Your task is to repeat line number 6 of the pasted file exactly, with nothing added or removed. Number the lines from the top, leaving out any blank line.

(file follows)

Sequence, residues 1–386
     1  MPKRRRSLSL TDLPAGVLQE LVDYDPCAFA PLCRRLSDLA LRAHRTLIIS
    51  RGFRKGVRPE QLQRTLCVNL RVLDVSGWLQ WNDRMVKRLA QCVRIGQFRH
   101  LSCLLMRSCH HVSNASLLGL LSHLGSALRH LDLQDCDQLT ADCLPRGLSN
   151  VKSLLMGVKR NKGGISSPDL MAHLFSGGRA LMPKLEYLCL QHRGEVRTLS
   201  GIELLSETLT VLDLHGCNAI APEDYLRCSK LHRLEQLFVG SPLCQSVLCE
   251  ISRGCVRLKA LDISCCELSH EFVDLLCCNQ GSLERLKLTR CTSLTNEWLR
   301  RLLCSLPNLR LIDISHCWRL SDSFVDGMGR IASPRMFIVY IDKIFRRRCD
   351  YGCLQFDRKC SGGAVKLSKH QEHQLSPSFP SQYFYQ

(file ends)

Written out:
   201  GIELLSETLT VLDLHGCNAI APEDYLRCSK LHRLEQLFVG SPLCQSVLCE